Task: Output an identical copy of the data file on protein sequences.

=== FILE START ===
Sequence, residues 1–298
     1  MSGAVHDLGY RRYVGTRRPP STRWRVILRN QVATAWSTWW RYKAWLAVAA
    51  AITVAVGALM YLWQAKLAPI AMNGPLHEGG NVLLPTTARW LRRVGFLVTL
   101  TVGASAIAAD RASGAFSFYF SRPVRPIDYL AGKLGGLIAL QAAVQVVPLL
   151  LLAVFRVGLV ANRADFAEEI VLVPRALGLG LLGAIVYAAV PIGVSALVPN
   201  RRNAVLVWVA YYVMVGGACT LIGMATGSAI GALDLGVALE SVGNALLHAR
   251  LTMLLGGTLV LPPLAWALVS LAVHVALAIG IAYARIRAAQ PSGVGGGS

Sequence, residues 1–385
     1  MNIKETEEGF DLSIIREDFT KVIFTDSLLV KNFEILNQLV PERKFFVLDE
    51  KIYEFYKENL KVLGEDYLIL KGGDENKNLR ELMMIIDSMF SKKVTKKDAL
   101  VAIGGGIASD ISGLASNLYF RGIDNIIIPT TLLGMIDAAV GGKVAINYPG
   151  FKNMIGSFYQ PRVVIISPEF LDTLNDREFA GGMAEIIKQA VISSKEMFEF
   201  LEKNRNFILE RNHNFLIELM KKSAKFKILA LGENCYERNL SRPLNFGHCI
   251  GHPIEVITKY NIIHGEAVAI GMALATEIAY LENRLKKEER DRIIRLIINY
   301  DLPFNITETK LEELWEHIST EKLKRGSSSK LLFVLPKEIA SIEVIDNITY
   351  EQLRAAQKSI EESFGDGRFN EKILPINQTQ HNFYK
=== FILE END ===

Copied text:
Sequence, residues 1–298
     1  MSGAVHDLGY RRYVGTRRPP STRWRVILRN QVATAWSTWW RYKAWLAVAA
    51  AITVAVGALM YLWQAKLAPI AMNGPLHEGG NVLLPTTARW LRRVGFLVTL
   101  TVGASAIAAD RASGAFSFYF SRPVRPIDYL AGKLGGLIAL QAAVQVVPLL
   151  LLAVFRVGLV ANRADFAEEI VLVPRALGLG LLGAIVYAAV PIGVSALVPN
   201  RRNAVLVWVA YYVMVGGACT LIGMATGSAI GALDLGVALE SVGNALLHAR
   251  LTMLLGGTLV LPPLAWALVS LAVHVALAIG IAYARIRAAQ PSGVGGGS

Sequence, residues 1–385
     1  MNIKETEEGF DLSIIREDFT KVIFTDSLLV KNFEILNQLV PERKFFVLDE
    51  KIYEFYKENL KVLGEDYLIL KGGDENKNLR ELMMIIDSMF SKKVTKKDAL
   101  VAIGGGIASD ISGLASNLYF RGIDNIIIPT TLLGMIDAAV GGKVAINYPG
   151  FKNMIGSFYQ PRVVIISPEF LDTLNDREFA GGMAEIIKQA VISSKEMFEF
   201  LEKNRNFILE RNHNFLIELM KKSAKFKILA LGENCYERNL SRPLNFGHCI
   251  GHPIEVITKY NIIHGEAVAI GMALATEIAY LENRLKKEER DRIIRLIINY
   301  DLPFNITETK LEELWEHIST EKLKRGSSSK LLFVLPKEIA SIEVIDNITY
   351  EQLRAAQKSI EESFGDGRFN EKILPINQTQ HNFYK